Lifecycle view of managing different changes in projects
Research output: Contribution to journal › Article › Scientific › peer-review
|Journal||International Journal of Managing Projects in Business|
|Early online date||6 Jul 2018|
|Publication status||Published - May 2019|
|Publication type||A1 Journal article-refereed|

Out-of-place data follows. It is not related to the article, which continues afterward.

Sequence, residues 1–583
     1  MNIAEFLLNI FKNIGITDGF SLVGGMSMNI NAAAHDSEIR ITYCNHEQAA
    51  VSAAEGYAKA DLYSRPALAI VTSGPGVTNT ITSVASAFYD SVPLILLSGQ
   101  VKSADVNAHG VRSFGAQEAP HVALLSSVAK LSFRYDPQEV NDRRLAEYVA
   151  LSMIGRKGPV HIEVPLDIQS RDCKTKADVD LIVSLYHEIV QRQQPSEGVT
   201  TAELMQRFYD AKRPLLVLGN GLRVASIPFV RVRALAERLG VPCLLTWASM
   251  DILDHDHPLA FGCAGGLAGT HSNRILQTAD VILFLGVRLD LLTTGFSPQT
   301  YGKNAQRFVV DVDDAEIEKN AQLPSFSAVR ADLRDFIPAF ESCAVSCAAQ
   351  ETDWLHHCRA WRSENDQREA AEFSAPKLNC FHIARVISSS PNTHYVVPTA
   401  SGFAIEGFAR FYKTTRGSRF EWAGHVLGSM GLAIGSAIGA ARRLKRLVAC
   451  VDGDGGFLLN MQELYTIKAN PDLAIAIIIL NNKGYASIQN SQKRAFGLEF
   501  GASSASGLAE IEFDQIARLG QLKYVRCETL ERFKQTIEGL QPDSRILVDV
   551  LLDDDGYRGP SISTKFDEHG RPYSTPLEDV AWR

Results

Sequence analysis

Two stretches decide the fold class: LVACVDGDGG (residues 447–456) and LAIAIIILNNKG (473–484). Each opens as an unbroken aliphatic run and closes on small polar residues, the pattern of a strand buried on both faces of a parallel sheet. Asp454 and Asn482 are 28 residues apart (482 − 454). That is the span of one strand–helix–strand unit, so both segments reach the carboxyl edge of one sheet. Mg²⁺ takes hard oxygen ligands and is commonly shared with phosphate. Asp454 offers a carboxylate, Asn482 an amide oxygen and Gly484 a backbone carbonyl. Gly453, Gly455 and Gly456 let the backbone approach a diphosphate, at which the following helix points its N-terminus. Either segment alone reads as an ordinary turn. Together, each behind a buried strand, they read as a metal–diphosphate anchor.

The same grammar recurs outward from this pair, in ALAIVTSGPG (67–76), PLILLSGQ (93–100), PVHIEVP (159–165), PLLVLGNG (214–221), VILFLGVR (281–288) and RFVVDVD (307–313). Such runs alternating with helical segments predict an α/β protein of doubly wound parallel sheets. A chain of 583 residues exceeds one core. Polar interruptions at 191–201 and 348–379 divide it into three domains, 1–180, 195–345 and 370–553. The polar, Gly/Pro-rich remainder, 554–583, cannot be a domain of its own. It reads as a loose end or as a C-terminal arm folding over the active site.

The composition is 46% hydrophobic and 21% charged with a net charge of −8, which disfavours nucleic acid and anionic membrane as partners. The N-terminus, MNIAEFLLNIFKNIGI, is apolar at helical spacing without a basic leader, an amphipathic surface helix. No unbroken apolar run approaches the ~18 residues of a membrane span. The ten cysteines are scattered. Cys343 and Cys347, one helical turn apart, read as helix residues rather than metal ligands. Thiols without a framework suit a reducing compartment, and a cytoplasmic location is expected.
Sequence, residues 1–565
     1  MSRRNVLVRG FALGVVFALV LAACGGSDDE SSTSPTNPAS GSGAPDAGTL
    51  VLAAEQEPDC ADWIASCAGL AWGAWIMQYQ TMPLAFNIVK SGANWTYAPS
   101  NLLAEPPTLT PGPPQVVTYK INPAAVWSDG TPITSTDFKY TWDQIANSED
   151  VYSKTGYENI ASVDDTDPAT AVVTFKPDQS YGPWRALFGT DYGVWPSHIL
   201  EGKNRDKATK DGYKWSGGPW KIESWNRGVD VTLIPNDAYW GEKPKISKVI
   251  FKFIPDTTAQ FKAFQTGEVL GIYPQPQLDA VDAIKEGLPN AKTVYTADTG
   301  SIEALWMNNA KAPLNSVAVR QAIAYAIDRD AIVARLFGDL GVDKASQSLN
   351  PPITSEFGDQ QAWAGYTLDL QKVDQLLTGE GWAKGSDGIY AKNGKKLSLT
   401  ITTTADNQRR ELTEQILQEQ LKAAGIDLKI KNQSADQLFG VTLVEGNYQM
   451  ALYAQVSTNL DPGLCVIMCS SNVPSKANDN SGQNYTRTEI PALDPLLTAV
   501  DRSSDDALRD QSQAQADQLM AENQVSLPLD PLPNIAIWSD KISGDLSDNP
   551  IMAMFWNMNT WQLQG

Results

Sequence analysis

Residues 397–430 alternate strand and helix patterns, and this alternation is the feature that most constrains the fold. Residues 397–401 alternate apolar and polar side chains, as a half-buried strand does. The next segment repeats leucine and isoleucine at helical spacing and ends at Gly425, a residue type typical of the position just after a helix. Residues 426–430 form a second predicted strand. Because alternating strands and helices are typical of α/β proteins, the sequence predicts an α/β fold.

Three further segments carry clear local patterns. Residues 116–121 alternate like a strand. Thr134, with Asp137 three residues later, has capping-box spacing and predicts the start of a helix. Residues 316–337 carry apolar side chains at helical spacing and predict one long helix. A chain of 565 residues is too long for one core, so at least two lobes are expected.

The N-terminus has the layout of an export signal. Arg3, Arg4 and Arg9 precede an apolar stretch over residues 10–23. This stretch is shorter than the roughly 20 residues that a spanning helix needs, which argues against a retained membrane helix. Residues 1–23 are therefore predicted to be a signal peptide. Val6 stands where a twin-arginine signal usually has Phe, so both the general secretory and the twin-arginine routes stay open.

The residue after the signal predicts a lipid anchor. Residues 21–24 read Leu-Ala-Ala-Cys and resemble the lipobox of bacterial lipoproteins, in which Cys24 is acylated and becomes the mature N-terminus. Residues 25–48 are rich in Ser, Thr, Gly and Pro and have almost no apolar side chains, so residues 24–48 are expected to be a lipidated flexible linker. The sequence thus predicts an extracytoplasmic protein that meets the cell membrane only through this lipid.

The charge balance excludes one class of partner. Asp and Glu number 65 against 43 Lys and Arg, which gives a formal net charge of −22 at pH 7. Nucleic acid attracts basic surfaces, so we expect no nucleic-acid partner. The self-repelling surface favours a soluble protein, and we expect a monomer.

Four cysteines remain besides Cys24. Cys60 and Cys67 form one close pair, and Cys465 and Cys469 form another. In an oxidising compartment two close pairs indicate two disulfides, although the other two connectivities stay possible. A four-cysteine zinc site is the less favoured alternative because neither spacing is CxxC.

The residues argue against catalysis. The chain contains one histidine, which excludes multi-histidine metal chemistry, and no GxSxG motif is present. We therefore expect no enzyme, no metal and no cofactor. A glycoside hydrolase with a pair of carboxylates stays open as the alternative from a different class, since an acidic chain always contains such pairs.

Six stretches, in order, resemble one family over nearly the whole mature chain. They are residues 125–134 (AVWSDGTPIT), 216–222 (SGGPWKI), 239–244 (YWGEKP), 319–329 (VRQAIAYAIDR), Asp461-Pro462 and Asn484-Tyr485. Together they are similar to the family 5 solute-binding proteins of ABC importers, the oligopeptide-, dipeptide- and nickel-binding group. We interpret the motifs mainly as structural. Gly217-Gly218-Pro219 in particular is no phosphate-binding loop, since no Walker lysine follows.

Purpose: A project contractor can promote the success of a delivery project by planning the project well and following a project management methodology (PMM). However, various changes typically take place, requiring changes to the project plan and actions that deviate from the firm’s established PMM. The purpose of this paper is to explore different types of changes and change management activities over the lifecycle of delivery projects. Design/methodology/approach: A qualitative single case study design was used. In total, 17 semi-structured interviews were carried out during a delivery project in a medium-sized engineering company that delivers complex systems to industrial customers. Findings: Both plan-related changes and deviations from the PMM were mapped throughout the project lifecycle. Various internal and external sources of change were identified. An illustrative example of the interconnectedness of the changes reveals the potential escalation of changes over the project lifecycle. Managers and project personnel engage in different change management activities and improvisation to create alternative paths, re-plan, catch up, and optimize project performance after changes. Research limitations/implications: The empirical study is limited to a single case study setting and a single industry. The findings draw attention to the interconnectedness and potential escalation effect of changes over the lifecycle of the project, and the need for integrated change management and improvisation actions. Practical implications: Efficient change management and improvisation at the early phase of a delivery project can potentially mitigate negative change incidents in later project phases. Changes are not only the project manager’s concern; project personnel’s skilled change responses are also helpful. The findings emphasize the importance of the project customer as a source of changes in delivery projects, meaning that customer relationship management throughout the project lifecycle is needed for successful change management. Originality/value: The study offers increased understanding of changes and change management throughout the project lifecycle. The results show evidence of plan-related and methodology-related changes and their interconnections, thereby proposing a lifecycle view of integrated change management and improvisation in projects.